Every summer is a different story for us when it comes to foraging wild foods or collecting fungi. We can try to be in the right forest at the right time, but still go home empty handed. It had been a terribly dry June and July, but a few very spotty rains have perked up the mycelium in a few isolated locations, bringing forth some magnificent flushes of edible and non-edible boletes.
Boletes have a standard cap and stem appearance of a mushroom, but instead of gills on the underside of the cap, there are elongated tubes that can look like a sponge. Boletes come in assorted statures, colors, textures, and can taste fantastically nutty, meaty, cheesy, or are inedible and bitter. Some species have bizarre staining reactions to being cut as well as chemical reactions to the reagent that Robert uses to test them for identification purposes. Bolete identification can be a study in frustration for some, but Robert loves the challenge.
|photo by Beth Karwowski|
Since Tylopilus alboaters cook up black, I decided to use that characteristic in a black and white palmier cracker. This could be used for any bolete really; we might try it again with Baorangia bicolor which might exhibit a more orange-colored filling.
Black Velvet Bolete Palmiers yield: 48 palmiers
2 sheets puff pastry, thawed but still cold
flour for dusting
3 Tbsp. oil
4 cloves garlic, chopped
2 shallots, chopped
12 oz. roughly chopped Tylopilus alboaters, or any other firm Boletes, tubes removed if too large
1 Tbsp. fresh thyme
2 bay leaves
1/2 c. dry white wine
4 Tbsp water
1 tsp. salt
1 tsp. freshly ground black pepper
1/2 c. grated Parmesan cheese
1/2 c. Panko bread crumbs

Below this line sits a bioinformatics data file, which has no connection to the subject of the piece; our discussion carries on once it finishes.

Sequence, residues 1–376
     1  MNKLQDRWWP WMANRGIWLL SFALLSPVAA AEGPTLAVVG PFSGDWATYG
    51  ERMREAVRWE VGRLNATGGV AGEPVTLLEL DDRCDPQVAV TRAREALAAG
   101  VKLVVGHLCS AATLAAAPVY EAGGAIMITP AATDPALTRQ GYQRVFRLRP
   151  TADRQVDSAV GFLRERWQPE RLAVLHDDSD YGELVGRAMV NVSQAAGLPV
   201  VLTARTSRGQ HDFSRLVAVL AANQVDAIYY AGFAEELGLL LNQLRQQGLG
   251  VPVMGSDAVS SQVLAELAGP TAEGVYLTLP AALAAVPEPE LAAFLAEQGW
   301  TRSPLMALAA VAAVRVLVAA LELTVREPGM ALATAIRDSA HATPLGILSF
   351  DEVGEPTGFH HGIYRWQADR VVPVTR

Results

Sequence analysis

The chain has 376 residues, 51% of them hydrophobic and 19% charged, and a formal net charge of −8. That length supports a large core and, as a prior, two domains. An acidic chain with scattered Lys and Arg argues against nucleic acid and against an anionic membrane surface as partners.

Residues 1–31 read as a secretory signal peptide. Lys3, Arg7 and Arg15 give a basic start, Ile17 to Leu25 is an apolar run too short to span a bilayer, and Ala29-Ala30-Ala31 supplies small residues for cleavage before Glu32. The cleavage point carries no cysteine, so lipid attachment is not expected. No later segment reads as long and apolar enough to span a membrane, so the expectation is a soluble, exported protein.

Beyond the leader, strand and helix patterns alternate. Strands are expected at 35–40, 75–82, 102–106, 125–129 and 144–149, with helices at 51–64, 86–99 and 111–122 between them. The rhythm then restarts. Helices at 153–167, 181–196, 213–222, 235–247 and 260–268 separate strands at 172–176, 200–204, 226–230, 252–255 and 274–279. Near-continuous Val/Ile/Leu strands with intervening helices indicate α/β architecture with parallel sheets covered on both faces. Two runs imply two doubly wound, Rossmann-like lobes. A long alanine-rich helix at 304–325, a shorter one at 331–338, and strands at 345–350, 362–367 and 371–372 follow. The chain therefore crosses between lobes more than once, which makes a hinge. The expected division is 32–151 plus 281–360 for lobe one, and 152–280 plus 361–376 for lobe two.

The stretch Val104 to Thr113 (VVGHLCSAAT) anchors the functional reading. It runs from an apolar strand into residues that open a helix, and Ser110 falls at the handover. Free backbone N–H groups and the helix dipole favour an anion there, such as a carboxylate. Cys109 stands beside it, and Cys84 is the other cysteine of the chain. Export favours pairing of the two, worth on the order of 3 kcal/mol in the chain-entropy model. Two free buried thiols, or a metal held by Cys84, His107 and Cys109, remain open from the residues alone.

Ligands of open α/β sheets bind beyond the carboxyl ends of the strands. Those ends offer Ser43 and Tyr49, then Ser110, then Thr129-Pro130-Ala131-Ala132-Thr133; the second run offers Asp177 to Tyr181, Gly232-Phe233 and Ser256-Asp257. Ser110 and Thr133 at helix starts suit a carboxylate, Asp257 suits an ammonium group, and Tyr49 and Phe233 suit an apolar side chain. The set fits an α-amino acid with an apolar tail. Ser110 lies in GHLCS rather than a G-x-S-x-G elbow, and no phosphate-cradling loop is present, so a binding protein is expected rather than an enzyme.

non-stick spray oil or melted butter
Kosher salt or large flaked salt for sprinkling
1. In a large skillet, heat oil over medium heat and cook the garlic, shallots, and chopped boletes for 15 minutes, stirring often, until soft.
2. Add the dry white wine, water, thyme, and bay leaves, and simmer over medium-low heat for 20-30 minutes, stirring occasionally, until all the liquid is evaporated. Remove from the heat and remove the bay leaves.
3. Place the cooked boletes in the bowl of a food processor, and add the salt, pepper, Parmesan cheese, and Panko crumbs, and pulse until blended. Puree for about 1 minute, there will still be visible grains. Allow this filling to cool to room temperature; it will thicken considerably.
4. Roll one of the sheets of puff pastry on a lightly floured surface until it is 9" x 15". Spread half of the bolete filling on the puff pastry all the way to the edges. Starting on one of the longer edges, roll up the puff pastry tightly, stopping at the halfway point. Turn the puff pastry around and roll up the other long side until it meets in the middle with the first rolled edge. Wet your finger, and rub it between the two rolls, pressing them together to stick.
5. Flip the rolled puff pastry over so that the rolled edges are on the bottom, and gently squeeze and stretch the log until it is 18" long. Repeat with the second sheet of puff pastry and remaining filling. Cover with plastic wrap and freeze for one hour. At this point, the logs can be stored frozen for 6 months, and allowed to thaw slightly before slicing and baking.
6. Heat oven to 400º F. Cover a sheet pan with parchment paper. Remove the puff pastry log from the freezer and using a thin, sharp knife, cut off 1/4" slices. Place them about an inch apart and either spray with cooking oil or lightly brush with melted butter, and sprinkle on some Kosher salt. Bake for 20-30 minutes, until lightly browned and crispy. Cool and store in a dry place.